“I hear what you are going for,” Hafez said to me. “You have clearly worked on this music and developed these Indian ornamentations within your improvisation.” It was my first week at the Banff International Workshop for Jazz and Creative Music in 2013, and I was fortunate enough to get a lesson from saxophonist, composer, and conceptualist Hafez Modirzadeh. I had just played a solo saxophone piece that I had developed over the previous couple of years and my adrenaline was pumping a little more than usual. Hafez’s recordings were frequently on my playlist, and I was excited by this opportunity to study with him. After a slight pause to think about my solo, he suggested, “But you know the goal is to move beyond ethnic stylizations towards a concept of universal music.” Universal music? No ethnic stylizations? That blew my mind. “That’s not even my idea,” Hafez continued. “John Coltrane said that.”
I felt the thrill of the unknown. Prior to this lesson, I was fervently driven by a personal mission to express the hybridity of my biology and experience as a half-Indian/half-Euro-American person within my music. The search for stylistic confluence manifested itself in numerous trips to study in India and four recordings of original music that explored Indian concepts, environments, and sounds within my jazz quartet. Despite my commitment to an ethnic-identity-driven music, Hafez’s words resonated deeply within me. On an intuitive level, I knew that this was the next step in my journey. I had a deluge of questions. How is universal music possible? Is not music, like language, born of culture and environment? Is not each musical style a unique expression of place and experience? For years, ethnic stylization had been one of my favorite aspects of music. I treasured the diversity of forms music seemed to take across cultures. Could I really abandon an idea so integral to my identity? In a sense, Hafez’s challenge threw into question everything I believed in artistically. The nature of music itself—what it is, why we make it, and its function in our lives—may not be what I was conditioned to think it is. It was a life-changing moment that sent me down a path of inquiry, exploration, and creative destruction that I am still traversing to this day.
Hafez’s call to action was only the first of many revelatory experiences during that opening week in Banff, Canada. Composer/pianist Vijay Iyer gave me the first building block I would use to develop my ideas surrounding universal music. In a room full of workshop participants, he said something akin to, “Genres don’t exist. They were invented by record companies to sell albums. Genres are an attempt to categorize a community of people who come together and create something.” Once again, I was confronted with a paradigm shift. My musical training, rhetoric, and artistic upbringing had been a world of categories, styles, and genres hinged together. I thought of the countless hours spent trying to play a style correctly and how often I seemed to fail in that goal. At that time, I was already bothered by the mentality that our musical ancestors had somehow received the divine right to invent and that all the rest of us could hope for was to imitate. Yet I was encumbered with the popular notion that I needed to “learn the rules” before I could “break them.” At what point were the rules learned and the breaking could begin? The goal of stylistic execution was perpetually in conflict with my interest as I attempted to occupy both worlds. I embraced Vijay’s comment. He was giving me the words I needed to articulate what I believed and felt all along.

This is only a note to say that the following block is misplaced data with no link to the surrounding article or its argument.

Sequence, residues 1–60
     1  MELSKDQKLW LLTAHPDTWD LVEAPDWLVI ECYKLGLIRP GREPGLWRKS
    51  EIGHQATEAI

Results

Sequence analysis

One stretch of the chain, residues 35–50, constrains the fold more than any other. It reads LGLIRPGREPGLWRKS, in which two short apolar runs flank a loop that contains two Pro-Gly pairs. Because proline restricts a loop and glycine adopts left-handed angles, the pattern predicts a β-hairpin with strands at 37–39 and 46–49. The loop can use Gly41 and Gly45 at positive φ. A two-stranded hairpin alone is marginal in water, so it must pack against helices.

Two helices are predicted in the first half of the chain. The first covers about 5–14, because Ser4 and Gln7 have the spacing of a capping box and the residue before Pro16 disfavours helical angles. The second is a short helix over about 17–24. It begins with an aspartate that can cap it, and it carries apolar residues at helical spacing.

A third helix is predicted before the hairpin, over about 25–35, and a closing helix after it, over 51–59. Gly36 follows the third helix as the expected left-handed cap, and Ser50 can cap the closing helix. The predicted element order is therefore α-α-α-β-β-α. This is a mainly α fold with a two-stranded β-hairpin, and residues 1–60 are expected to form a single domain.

Over the past three years I have thought long and hard about Hafez and Vijay’s words. It is a topic that I am always eager to discuss with the artistic communities I encounter in my work. Through this series of essays, I am excited to share the recent odyssey that changed the way I conceptualize and create music. Though the story begins in Banff, Canada, it crosses the globe to Kolkata, India, and lands in New York City. Inside these environments, I played music with numerous people and gathered experiences that would contribute towards a concept of universal music. I also tried to untangle myself from some of the ideas about art that hold us back from reaching our imaginative and creative potential. However, before I could start building a model of universal music, I had to remove a large obstacle that was in my way: the genre.
Genres Don’t Exist
As I ruminated on my Banff experience, I began to understand that the idea of musical genre is an illusion that ignores the plurality of ideas, experiences, and sounds that exist within a community. When a sonic experience is reduced to a category, we establish boundaries that inhibit creativity with notions of stylistic correctness. This approach creates myriad problems that throw into question the objectivity that is inherently placed on genre. Among these problems are two issues that I feel are of particular importance.
First, the concept of genre divorces music from the people who create it. In order to define a style, we homogenize seemingly congruent elements across people and time to assemble a grocery list of digestible characteristics. Jazz is reduced to a collection of ride cymbal patterns, walking bass lines, seventh chord voicings, and improvised chromaticism. Hindustani music becomes a modal jam within odd time signatures peppered with exotic ornamentations. Music that was once riding the crest of mutative feedback loops becomes frozen in time. What is left is a shell of compiled theories, historical patterns, and reductive features often devoid of the processes and unquantifiable elements of creativity. The genre now exists abstractly. It looms over us large and menacing as we struggle to determine if this composition is ambient or minimalist and if that improviser is playing hard-bop or post-bop. In our desire to identify the sound, we lose the nuance of each performance that made the music so powerful in the first place.
In his paper “On the Convergence Liberation of Maqam X,” Hafez Modirzadeh addresses the problem of defining and abstracting music:
Essentially, musical systems are neither bound to nor described completely by fixed, geometric abstractions (including scales or tunings), for they are developed qualitatively, through a personal relating to acoustical properties and organizing principles of sound not fully understood through a quantifiable lens.
In this statement, Hafez touches on several critical points. To truly understand the art experience, we need to embrace the unknown. Much in the same way the ancient Greeks resisted the mathematical concept of zero in order to protect their certainty in a static universe, we depend on genre to bolster fixed artistic beliefs. Modirzadeh acknowledges the existence of musical systems while simultaneously liberating them from the world of “fixed, geometric abstractions.” This embrace of the infinite offers an alternative viewpoint to the one fixed by idiom. The unknown allows us to focus on the infinite processes of creativity.